1. Convergence Question

Consider the following sequence

with a1 = and x>1.Show that it converges and that its limit is x.
hint:Start by using induction to show that this sequence is non-decreasing and bounded above by x.

2. Originally Posted by matty888
Consider the following sequence

with a1 = and x>1.Show that it converges and that its limit is x.
hint:Start by using induction to show that this sequence is non-decreasing and bounded above by x.
Take the hint, that shows the sequence converges. Then the limit satisfies the equation:

$a=\sqrt{xa}$

so

$a^2-ax=0$

hence $a=0$ or $a=x$. But the first of these is imposible, so $a=x$.

RonL

RonL

3. Note that:
• $a_{n}=x^{\frac{1}{2}}\cdot{a_{n-1}^{\frac{1}{2}}}$
• $a_{n}=x^{\frac{1}{2}}\cdot{\left(x^{\frac{1}{2}}\c dot{a_{n-2}^{\frac{1}{2}}}\right)^{\frac{1}{2}}}$ $=x^{\frac{1}{2}+\frac{1}{4}}\cdot{a_{n-2}^{\frac{1}{4}}}$
• $a_n=x^{\frac{1}{2}+\frac{1}{4}+\frac{1}{8}}\cdot{a _{n-3}^{\frac{1}{8}}}$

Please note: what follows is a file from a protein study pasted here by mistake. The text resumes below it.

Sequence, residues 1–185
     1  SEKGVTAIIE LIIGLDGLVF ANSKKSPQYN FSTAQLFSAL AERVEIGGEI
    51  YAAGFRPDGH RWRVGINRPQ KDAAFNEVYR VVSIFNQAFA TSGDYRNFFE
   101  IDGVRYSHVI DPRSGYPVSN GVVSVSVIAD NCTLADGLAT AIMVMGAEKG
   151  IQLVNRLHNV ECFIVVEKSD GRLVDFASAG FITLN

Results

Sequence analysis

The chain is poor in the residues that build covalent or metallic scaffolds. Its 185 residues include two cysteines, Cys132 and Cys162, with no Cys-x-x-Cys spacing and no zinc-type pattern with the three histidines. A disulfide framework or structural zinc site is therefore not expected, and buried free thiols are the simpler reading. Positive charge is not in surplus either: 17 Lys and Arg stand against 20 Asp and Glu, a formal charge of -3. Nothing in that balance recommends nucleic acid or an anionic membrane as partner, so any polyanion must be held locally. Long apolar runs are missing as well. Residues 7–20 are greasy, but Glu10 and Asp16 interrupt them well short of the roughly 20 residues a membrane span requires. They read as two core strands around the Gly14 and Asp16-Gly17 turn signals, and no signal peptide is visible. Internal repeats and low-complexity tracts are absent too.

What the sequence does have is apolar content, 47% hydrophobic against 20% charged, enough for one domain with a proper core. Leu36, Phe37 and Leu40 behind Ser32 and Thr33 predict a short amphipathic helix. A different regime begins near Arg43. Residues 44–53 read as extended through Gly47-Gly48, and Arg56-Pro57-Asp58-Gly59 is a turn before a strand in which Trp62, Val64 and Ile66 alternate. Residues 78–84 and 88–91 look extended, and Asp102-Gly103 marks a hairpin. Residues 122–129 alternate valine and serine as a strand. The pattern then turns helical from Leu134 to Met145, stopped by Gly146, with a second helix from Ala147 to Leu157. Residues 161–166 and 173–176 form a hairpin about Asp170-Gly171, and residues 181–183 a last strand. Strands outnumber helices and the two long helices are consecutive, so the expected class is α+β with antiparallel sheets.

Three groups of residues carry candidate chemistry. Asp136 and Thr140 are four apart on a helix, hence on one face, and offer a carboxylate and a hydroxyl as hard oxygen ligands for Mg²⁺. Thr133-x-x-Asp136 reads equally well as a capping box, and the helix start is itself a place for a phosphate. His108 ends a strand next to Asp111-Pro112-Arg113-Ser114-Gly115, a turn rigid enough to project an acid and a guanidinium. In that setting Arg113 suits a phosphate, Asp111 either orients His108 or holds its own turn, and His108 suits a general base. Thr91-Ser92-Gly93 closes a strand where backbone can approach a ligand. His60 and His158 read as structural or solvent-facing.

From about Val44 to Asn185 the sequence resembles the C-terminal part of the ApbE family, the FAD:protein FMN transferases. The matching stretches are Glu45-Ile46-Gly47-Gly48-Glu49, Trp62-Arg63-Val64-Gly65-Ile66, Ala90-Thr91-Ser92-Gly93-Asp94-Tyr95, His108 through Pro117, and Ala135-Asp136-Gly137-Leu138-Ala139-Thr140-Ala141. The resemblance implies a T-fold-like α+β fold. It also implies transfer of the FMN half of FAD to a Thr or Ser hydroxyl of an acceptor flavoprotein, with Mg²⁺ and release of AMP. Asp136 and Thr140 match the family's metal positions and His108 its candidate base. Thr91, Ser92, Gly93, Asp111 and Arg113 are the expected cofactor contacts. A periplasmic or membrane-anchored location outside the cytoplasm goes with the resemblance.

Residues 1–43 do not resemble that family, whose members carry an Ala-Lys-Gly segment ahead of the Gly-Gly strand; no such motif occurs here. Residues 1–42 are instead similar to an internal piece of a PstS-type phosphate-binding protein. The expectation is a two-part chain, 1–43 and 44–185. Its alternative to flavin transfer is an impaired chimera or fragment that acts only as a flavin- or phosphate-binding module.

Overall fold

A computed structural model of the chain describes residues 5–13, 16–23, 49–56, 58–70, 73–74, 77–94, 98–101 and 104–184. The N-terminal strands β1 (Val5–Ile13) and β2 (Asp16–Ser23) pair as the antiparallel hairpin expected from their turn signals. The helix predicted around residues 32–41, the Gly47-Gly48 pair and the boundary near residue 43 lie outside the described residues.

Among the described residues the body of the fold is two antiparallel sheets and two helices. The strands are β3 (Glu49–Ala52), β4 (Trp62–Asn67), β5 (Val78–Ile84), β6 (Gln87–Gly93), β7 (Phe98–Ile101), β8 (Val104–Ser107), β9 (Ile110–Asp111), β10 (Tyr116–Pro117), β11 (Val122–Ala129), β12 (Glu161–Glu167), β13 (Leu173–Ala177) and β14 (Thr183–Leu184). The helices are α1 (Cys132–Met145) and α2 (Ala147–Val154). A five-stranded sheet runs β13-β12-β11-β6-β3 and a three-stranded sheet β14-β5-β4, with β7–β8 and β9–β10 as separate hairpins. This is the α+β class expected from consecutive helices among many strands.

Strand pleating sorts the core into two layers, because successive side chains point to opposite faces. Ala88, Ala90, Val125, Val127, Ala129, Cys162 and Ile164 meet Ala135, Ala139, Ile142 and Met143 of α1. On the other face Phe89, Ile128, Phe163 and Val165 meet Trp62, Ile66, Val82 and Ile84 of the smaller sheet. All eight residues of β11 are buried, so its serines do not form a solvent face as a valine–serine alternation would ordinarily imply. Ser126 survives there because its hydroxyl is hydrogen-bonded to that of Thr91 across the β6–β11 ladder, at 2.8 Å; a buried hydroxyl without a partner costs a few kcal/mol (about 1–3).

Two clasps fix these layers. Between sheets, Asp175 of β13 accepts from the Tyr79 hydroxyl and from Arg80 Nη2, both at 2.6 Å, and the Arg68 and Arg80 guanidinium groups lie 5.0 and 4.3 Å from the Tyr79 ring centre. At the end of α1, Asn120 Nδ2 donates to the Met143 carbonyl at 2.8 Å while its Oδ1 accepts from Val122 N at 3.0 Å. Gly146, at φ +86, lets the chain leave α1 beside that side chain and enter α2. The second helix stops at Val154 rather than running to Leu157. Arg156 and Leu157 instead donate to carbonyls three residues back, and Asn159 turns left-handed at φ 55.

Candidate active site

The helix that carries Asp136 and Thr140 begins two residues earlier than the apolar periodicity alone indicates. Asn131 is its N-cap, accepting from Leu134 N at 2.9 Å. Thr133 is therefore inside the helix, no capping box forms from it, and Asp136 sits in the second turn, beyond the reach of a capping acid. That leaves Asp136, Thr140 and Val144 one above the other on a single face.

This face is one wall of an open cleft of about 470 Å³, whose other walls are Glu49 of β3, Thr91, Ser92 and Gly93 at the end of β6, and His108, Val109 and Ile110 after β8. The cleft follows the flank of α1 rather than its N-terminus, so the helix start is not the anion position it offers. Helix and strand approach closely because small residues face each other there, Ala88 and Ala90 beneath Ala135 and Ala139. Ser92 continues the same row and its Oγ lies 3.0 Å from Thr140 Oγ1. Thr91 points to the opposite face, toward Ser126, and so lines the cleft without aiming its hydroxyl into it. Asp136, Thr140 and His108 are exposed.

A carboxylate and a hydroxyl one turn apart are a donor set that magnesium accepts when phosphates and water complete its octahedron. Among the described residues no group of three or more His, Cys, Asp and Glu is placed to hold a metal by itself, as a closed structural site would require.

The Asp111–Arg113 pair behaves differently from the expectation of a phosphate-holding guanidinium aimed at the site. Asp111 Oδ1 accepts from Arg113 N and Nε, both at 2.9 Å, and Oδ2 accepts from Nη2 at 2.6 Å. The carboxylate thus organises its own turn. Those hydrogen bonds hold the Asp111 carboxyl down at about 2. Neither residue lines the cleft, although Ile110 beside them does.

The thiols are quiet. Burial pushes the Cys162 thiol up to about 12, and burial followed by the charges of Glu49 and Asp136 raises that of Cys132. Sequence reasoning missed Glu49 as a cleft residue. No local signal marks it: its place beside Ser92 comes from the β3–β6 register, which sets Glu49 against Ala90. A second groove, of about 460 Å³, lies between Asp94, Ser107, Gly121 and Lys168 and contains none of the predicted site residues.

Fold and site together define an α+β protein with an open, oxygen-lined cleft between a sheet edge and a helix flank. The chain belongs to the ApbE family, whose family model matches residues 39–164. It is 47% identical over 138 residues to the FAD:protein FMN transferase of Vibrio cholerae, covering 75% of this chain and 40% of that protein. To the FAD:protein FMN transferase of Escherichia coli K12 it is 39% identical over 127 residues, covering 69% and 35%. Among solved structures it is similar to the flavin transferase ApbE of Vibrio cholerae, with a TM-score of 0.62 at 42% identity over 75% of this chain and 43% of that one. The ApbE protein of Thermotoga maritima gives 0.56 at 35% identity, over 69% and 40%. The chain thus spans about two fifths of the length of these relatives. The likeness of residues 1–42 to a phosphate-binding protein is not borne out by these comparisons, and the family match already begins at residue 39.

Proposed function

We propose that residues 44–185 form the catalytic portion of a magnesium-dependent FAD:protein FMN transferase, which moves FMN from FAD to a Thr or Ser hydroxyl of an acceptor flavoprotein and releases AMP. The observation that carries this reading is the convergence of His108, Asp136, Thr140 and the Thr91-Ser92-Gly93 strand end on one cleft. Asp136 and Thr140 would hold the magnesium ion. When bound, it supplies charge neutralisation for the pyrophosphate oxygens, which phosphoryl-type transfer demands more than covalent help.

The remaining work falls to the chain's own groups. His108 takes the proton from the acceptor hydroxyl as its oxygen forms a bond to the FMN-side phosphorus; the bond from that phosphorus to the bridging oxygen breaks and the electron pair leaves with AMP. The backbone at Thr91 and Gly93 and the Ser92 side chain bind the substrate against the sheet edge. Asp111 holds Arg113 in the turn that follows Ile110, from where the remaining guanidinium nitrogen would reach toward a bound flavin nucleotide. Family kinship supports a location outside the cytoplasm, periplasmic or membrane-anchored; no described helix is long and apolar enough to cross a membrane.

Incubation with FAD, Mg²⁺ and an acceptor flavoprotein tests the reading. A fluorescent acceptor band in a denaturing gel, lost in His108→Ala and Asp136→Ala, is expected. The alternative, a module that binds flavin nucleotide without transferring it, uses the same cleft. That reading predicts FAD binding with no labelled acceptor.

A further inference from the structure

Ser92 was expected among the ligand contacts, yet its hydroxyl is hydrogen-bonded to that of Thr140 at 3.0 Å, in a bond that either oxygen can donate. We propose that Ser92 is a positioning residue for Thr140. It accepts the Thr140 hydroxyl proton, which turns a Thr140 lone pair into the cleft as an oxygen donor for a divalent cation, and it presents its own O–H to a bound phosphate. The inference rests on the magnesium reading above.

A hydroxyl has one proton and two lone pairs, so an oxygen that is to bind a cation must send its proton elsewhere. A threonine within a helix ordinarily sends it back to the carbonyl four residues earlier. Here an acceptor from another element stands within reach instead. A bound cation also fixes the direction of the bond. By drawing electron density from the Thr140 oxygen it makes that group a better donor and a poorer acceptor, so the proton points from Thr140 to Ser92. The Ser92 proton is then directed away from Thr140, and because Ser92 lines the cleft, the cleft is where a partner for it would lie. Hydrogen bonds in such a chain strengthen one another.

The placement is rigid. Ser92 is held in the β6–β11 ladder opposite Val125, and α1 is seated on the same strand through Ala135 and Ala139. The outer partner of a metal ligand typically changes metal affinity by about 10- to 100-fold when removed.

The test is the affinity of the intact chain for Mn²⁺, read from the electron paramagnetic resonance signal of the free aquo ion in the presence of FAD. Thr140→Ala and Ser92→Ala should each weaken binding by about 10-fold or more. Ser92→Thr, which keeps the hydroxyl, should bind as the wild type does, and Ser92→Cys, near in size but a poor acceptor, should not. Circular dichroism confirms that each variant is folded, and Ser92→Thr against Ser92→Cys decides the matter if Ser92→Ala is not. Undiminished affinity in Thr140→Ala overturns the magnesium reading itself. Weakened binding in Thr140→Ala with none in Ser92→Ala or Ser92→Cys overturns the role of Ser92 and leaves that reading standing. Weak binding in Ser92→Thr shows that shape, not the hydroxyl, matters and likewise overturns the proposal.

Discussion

And so on.

The general formula is: $
a_n = x^{\sum\nolimits_{j = 1}^k {\left( {\tfrac{1}
{2}} \right)^j } } \cdot a_{n - k} ^{{\raise0.5ex\hbox{\scriptstyle 1}
\kern-0.1em/\kern-0.15em
\lower0.25ex\hbox{\scriptstyle {2^k }}}}
$
for $
1 \leqslant k \leqslant n-1
$

We now let $k=n-1$ ==> $
a_n = x^{\sum\nolimits_{j = 1}^{n - 1} {\left( {\tfrac{1}
{2}} \right)^j } } \cdot a_1 ^{\tfrac{1}
{{2^{n - 1} }}}

$

Thus: $
\mathop {\lim }\limits_{n \to + \infty } a_n = \mathop {\lim }\limits_{n \to + \infty } x^{\sum\nolimits_{j = 1}^{n - 1} {\left( {\tfrac{1}
{2}} \right)^j } } \cdot a_1 ^{\tfrac{1}
{{2^{n - 1} }}}

$

Applying the Geometric Sum formula we get $
a_n = x^{\sum\nolimits_{j = 1}^{n - 1} {\left( {\tfrac{1}
{2}} \right)^j } } \cdot a_1 ^{\tfrac{1}
{{2^{n - 1} }}} = x^{1 - \left( {\tfrac{1}
{2}} \right)^n }

$

Therefore: $
\mathop {\lim }\limits_{n \to + \infty } a_n = x
$